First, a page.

Mixed martial artist and UFC fighter Kimbo Slice has died at the age of 42, multiple sources have confirmed.
Slice, who was born in the Bahamas as Kevin Ferguson and rose to fame through street fighting videos on YouTube, was hospitalized in Coral Springs, Florida on Monday for undisclosed reasons.
His cause of death has not been released, although police said there was no foul play involved.
Police appeared at Slice’s South Florida home on Monday to talk to his family members while the MMA fighter was in the hospital, TMZ reported.
Sergeant Carla Kmiotek said there were no police or EMS calls made before Slice was hospitalized, CNN reported.
Bellator president Scott Coker confirmed Slice’s death in a statement that read: ‘We are all shocked and saddened by the devastating and untimely loss of Kimbo Slice.’
‘One of the most popular MMA fighters ever, Kimbo was a charismatic, larger-than-life personality that transcended the sport,’ Coker said.
‘Outside of the cage he was a friendly, gentle giant and a devoted family man.
‘His loss leaves us all with extremely heavy hearts, and our thoughts and prayers are with the entire Ferguson family and all of Kimbo’s friends, fans, and teammates.’
American Top Team, the gym where Slice trained, also released a statement on Twitter saying they ‘lost a legend’.
Slice was a middle linebacker as Miami’s Palmetto High School, but Hurricane Andrew tore through his house in 1992 and his life took a turn for the worse.
Slice flunked out of college and lived out of his car, working as a strip club bouncer, a limo driver and a bodyguard for a porn company before he found fame, according to one ESPN profile in 2009.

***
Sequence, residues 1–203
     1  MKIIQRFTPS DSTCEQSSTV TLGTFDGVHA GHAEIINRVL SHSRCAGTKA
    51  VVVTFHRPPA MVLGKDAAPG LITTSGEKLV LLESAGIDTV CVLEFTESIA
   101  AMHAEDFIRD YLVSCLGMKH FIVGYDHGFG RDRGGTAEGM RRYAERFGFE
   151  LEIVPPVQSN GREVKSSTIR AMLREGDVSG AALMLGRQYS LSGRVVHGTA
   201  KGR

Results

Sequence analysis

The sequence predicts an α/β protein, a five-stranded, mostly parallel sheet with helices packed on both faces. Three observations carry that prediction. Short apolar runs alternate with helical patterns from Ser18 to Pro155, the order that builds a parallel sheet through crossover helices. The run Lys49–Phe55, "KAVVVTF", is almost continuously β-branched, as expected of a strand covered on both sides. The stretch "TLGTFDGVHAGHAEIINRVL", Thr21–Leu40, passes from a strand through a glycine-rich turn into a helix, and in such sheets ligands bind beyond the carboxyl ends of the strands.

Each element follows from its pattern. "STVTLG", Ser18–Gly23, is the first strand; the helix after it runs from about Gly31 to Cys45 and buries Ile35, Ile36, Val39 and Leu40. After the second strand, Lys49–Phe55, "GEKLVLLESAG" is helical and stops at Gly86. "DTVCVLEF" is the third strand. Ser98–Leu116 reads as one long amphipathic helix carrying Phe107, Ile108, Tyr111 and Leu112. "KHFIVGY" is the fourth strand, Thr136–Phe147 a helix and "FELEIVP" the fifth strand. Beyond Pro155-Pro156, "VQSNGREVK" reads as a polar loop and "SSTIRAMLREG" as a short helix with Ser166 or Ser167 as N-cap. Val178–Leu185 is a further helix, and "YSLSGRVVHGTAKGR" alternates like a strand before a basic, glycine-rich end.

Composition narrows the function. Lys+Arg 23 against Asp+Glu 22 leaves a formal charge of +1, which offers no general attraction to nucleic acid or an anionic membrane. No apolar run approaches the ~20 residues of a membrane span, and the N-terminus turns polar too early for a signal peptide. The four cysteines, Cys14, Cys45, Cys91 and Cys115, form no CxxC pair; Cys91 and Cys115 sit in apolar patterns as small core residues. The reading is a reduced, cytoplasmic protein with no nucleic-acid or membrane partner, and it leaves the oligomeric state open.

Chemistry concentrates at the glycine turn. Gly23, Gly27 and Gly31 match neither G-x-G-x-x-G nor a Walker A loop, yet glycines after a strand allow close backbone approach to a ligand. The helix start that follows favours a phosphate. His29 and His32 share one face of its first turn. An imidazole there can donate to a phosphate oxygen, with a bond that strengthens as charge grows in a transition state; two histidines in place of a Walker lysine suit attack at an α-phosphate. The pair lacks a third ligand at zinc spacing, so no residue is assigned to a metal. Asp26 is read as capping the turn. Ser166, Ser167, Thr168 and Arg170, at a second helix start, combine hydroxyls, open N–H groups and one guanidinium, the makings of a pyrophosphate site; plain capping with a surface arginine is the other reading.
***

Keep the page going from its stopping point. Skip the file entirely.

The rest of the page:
Despite his financial hardship, Slice told ESPN: ‘To hurt someone vulnerable, I just couldn’t do it like that.
‘You want to be a good father and productive citizen. I could have been on the cover of the newspaper as a killer.
‘I had to fight with myself not to hurt people, some serious mental wars. But who would have raised my boys? They would have grown up knowing their dad died another violent death.
‘They would have been angry, and now, instead of one person dying a violent death, you’ve got two other little protégés who would have grown up just as violent and vicious, causing even more harm to people.’
Slice became an internet sensation after he filmed his street fights, often held outside in parking lots or backyards, and clocked in millions of views on YouTube.
In one particular video, he approached a group of strangers who agreed to let Slice punch them in exchange for $50.
Slice was dubbed the ‘The King of the Web Brawlers’ after Rolling Stone ran a feature on him in 2006, and he made his transition to professional mixed martial arts in 2008.
He signed with Elite XC and UFC, and then briefly pursued professional boxing before returning to MMA with Bellator.
His fights against James Thompson, whom he was scheduled to fight again on July 16 in London’s O2 arena, and Seth Pedruzelli were some of the highest rated MMA broadcasts on CBS.
In his last match on February 19, Slice defeated Dhafir ‘Dada 5000’ Harris, who suffered cardiac arrest and renal failure during the fight.
But Slice’s triumph was ruled a no-contest after he tested positive for anabolic steroids with an elevated testosterone level.
Many questioned his return to fighting scheduled in London just five months after he was found using steroids.
The Texas Department of Licensing and Regulation said Slice was fined $2,500 and a one-year license revocation, although the ban only applied within Texas, ESPN reported.
Slice leaves behind his long-time girlfriend Antionette Ray and was known to be a devoted father to his six children.
He hoped to serve as a role model for his kids, and told the Orlando Sentinel: ‘My kids have seen me train… they see the loyalty, dedication and commitment – the things I hope they will use one day in their future endeavors. I hope I’m planting a seed in them.’
Slice’s son Kevin Ferguson Jr, known as ‘Baby Slice’, is following in his father’s footsteps after making his amateur MMA debut in March 2016.
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